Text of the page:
Ironing Out Hydrogen Storage

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Science  23 Sep 2011:
Vol. 333, Issue 6050, pp. 1714-1715
DOI: 10.1126/science.1211021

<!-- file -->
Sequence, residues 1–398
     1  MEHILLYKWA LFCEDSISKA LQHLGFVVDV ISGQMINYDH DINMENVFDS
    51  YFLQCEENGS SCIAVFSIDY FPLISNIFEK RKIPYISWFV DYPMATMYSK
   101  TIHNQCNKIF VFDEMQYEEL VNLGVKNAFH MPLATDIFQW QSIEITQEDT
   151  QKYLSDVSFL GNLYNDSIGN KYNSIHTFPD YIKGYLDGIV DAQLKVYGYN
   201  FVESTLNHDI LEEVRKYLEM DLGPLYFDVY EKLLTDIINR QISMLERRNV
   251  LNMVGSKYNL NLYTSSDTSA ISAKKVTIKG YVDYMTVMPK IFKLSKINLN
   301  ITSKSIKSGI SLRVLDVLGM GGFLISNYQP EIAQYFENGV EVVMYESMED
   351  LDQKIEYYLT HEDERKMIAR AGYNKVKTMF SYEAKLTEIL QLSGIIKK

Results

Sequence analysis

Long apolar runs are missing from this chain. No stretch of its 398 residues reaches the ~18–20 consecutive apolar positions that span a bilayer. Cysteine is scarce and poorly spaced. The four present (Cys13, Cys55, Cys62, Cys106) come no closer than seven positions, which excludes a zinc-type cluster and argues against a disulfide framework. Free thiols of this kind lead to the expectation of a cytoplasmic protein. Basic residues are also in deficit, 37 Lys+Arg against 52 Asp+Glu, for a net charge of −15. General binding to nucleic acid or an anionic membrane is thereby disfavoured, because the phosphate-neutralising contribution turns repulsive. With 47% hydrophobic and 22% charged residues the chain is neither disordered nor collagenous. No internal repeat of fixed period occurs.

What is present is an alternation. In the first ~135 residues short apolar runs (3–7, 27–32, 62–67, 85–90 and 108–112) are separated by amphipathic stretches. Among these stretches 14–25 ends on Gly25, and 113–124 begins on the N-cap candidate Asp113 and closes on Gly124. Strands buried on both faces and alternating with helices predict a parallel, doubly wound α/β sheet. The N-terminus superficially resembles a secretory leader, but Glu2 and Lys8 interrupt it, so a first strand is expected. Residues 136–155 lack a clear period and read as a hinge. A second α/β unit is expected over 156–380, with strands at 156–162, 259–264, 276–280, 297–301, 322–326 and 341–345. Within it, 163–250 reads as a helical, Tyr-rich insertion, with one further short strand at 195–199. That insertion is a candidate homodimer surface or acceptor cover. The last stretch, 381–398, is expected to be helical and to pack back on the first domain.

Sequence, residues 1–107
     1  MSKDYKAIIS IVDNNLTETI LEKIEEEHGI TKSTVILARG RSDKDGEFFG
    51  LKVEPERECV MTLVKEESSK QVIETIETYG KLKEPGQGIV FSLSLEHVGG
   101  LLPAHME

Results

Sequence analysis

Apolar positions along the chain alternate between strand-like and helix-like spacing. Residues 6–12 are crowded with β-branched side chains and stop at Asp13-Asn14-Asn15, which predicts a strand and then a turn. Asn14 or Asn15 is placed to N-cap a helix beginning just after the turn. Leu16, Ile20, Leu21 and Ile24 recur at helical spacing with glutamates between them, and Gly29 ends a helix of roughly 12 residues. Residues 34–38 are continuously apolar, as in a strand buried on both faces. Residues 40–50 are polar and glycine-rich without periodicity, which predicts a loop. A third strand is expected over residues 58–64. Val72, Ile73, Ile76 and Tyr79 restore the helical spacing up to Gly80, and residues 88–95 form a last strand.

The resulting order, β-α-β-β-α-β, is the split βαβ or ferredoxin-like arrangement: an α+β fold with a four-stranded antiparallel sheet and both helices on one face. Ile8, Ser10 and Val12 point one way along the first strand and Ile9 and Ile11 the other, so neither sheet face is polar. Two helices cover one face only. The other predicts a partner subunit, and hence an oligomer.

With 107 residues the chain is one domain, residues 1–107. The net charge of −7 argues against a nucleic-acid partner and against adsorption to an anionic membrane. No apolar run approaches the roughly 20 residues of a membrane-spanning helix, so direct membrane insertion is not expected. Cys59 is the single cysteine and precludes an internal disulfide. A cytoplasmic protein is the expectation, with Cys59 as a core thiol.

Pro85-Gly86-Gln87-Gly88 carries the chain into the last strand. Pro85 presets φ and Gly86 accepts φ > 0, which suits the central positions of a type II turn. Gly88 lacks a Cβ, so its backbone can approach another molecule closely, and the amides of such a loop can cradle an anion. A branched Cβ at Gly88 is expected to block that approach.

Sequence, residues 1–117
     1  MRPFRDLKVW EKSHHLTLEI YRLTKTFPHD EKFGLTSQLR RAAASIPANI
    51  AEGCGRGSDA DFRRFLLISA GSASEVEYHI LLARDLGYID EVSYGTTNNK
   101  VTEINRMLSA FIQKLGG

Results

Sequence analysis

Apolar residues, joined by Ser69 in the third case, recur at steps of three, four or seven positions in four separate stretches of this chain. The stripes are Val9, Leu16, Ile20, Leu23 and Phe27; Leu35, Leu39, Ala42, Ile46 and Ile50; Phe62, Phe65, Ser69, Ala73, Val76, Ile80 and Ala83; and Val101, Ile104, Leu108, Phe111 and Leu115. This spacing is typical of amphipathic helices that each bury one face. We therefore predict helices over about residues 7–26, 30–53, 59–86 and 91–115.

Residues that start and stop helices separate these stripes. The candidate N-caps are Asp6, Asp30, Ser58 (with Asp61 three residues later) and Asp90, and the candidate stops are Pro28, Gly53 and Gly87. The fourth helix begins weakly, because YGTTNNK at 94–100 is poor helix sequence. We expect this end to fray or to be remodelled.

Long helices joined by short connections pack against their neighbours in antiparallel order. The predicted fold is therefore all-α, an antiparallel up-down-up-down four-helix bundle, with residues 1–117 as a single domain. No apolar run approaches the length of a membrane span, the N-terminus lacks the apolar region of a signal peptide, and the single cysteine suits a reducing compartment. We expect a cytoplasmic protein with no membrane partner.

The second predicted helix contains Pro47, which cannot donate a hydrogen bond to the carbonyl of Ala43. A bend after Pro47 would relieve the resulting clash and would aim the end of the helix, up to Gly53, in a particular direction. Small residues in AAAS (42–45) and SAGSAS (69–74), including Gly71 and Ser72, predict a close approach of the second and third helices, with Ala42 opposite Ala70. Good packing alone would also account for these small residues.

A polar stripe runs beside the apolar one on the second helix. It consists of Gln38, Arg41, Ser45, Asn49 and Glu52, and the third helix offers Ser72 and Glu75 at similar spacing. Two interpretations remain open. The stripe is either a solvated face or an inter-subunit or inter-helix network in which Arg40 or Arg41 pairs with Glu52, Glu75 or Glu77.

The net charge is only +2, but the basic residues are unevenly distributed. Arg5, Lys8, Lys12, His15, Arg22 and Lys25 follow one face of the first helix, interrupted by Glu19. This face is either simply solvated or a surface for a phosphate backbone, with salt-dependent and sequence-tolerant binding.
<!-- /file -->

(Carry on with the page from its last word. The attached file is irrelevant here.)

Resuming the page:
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The large-scale use of hydrogen (H2) as a clean transportation fuel—one of the great ambitions in the “hydrogen economy” (1)—must overcome several engineering issues. The flammability of H2 presents a safety hazard, and storing it under pressure, even with absorbent materials, adds unwanted weight to vehicles. One solution to this storage problem is to “carry” H2 in more stable chemical compounds that have a high hydrogen content. Ideally, these compounds are liquids at room temperature for easy delivery and release H2 with only a small release of heat to avoid energy losses. Small organic molecules such as alcohols (for example, methanol) or formic acid (HCOOH) fulfill these criteria. The release of H2 (and CO2 as a by-product) from HCOOH does not proceed spontaneously, and suitable catalysts are required for its dehydrogenation. On page 1733 of this issue, Boddien et al. (2) report a molecular iron complex that catalyzes H2 formation from HCOOH both at high rates and for many catalytic cycles.